I am at the World Economic Forum in Davos this week, speaking mainly about the societal impact robot technologies are likely to have in our near future, and I am happy to report there is intense interest in these topics. Will robotics empower human communities, or will our machines become the masters of our fate? Business interests, science fiction, singularity and human rights all pervade every tech conversation I have witnessed here -- it is a welcome change to see this bubble to the surface.
But I'm writing this blog about an even more pressing topic -- planetary change. The Stockholm Resilience Centre has an outstanding demonstration, through interactive graphics, of how we can categorize the health of our planet along nine axes, from atmospheric loading and ocean change through biodiversity, identifying tipping points and boundaries that quantify just where we are along a continuum from healthful to Emergency Room to irreversibility. Their website is well worth your visit, and best of all their decadal effort is nailing the science of characterizing and measuring global boundaries as complex systems, in collaboration with scientists round the world. Science just published their latest full report, and I highly recommend giving this article a read: "Planetary boundaries: Guiding human development on a changing planet." It is no longer behind a paywall, just a free registration roadblock; you can access the figures without even registering here.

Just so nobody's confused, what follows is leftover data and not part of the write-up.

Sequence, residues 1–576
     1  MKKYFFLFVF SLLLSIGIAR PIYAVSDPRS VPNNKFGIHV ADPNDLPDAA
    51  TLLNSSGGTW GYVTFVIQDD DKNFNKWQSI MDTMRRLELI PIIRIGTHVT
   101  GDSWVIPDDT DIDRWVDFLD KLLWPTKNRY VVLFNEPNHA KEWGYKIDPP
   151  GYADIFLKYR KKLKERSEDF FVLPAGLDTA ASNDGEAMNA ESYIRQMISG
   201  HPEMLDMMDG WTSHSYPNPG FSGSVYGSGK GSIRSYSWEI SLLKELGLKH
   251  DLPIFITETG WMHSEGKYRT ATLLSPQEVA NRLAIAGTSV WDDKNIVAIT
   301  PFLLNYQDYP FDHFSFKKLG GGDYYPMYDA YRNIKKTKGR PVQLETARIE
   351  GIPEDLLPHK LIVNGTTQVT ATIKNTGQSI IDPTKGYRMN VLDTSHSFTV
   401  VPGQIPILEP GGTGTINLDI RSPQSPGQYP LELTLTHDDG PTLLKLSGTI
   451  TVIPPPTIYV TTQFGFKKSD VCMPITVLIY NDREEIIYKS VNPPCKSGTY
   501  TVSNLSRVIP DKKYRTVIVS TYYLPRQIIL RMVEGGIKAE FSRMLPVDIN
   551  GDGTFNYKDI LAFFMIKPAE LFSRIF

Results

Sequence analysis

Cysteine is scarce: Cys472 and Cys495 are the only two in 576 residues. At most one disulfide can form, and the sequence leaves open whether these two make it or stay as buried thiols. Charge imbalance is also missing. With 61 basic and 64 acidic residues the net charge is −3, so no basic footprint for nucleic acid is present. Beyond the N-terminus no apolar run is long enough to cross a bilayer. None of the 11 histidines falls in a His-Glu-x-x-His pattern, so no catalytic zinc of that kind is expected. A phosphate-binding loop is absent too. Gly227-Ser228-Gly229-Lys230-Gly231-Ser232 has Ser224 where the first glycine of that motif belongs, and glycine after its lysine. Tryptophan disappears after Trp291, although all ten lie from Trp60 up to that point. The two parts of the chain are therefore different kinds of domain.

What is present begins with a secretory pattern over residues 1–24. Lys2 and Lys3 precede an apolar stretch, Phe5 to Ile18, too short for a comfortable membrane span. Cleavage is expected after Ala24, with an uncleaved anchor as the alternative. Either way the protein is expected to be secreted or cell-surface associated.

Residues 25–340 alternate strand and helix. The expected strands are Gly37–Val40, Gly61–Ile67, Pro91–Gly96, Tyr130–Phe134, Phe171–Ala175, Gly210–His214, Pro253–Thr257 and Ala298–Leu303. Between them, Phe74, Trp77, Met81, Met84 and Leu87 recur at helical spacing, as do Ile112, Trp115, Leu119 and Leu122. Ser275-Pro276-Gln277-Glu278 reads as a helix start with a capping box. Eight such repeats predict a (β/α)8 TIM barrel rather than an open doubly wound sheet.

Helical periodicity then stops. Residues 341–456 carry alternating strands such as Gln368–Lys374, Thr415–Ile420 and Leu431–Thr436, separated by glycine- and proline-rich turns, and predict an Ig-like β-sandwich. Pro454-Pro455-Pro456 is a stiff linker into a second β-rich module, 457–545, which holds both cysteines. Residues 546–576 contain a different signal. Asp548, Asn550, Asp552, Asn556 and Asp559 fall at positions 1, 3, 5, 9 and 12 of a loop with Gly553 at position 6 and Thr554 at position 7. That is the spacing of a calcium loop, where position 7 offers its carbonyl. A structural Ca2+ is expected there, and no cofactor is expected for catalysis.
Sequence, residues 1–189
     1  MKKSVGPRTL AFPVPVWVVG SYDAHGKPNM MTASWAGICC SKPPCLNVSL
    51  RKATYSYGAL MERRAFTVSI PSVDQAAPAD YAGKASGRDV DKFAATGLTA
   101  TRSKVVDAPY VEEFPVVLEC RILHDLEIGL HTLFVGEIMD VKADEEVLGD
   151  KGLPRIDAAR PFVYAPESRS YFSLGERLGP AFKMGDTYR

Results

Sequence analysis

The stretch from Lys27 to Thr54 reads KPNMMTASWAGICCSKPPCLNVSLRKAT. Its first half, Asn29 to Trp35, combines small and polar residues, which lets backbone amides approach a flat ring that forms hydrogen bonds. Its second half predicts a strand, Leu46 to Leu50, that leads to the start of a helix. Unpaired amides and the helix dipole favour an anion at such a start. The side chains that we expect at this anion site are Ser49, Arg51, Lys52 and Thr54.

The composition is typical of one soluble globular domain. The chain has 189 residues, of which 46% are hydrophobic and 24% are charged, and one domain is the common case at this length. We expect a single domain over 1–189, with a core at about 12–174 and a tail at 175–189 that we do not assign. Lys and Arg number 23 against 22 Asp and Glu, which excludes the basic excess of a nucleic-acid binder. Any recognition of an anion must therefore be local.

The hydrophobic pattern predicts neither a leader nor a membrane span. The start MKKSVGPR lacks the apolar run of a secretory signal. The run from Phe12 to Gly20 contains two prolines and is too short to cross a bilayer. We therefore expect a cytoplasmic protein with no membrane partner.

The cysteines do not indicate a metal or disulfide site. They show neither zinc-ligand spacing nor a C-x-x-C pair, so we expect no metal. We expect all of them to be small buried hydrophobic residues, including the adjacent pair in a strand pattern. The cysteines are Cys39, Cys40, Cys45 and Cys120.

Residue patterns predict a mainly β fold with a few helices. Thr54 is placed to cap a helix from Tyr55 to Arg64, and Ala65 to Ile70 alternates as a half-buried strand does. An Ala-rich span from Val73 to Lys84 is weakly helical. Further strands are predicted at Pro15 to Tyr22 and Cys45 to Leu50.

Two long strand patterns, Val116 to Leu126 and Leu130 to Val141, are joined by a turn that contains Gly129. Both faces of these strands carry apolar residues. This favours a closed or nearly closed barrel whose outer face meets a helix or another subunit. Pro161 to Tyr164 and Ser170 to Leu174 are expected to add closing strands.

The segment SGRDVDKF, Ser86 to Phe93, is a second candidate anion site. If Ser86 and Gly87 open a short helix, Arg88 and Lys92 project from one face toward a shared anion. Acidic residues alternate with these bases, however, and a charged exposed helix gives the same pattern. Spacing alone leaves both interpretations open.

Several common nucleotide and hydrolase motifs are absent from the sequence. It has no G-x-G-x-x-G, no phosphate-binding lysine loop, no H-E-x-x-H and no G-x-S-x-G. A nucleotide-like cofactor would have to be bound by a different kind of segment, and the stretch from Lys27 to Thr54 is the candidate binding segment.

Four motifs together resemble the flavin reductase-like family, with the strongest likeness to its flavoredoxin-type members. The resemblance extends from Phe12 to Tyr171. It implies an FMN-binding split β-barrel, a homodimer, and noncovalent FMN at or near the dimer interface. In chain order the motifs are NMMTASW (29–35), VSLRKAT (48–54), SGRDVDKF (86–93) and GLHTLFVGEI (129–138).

Their approach is refreshing because it frames our decisions and our planet's future trajectory in terms of a real system, with feedback loops that we can directly impact with our local and global decisions. We have only a few years to effect the kind of policy changes that will keep us in a safe operating margin; one of the authors expressed his concern that we don't even have time to change the public's mindset. And yet I believe it is a shift at the ground level -- if we can become truly mindful at the global scale -- that has the best possible chance of catalyzing the high-level changes we must see. Thanks to global social media, that groundswell of change can touch us more more quickly than ever before; so it's time for technology to help us deeply rethink our relationship to the planet.